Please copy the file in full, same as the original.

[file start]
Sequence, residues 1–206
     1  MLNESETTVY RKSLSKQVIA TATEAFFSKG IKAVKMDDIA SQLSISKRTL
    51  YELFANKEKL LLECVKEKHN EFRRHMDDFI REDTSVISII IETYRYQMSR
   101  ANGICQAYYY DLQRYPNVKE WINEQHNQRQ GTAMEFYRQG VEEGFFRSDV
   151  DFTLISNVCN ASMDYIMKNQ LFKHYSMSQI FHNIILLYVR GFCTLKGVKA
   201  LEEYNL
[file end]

Sequence, residues 1–206
     1  MLNESETTVY RKSLSKQVIA TATEAFFSKG IKAVKMDDIA SQLSISKRTL
    51  YELFANKEKL LLECVKEKHN EFRRHMDDFI REDTSVISII IETYRYQMSR
   101  ANGICQAYYY DLQRYPNVKE WINEQHNQRQ GTAMEFYRQG VEEGFFRSDV
   151  DFTLISNVCN ASMDYIMKNQ LFKHYSMSQI FHNIILLYVR GFCTLKGVKA
   201  LEEYNL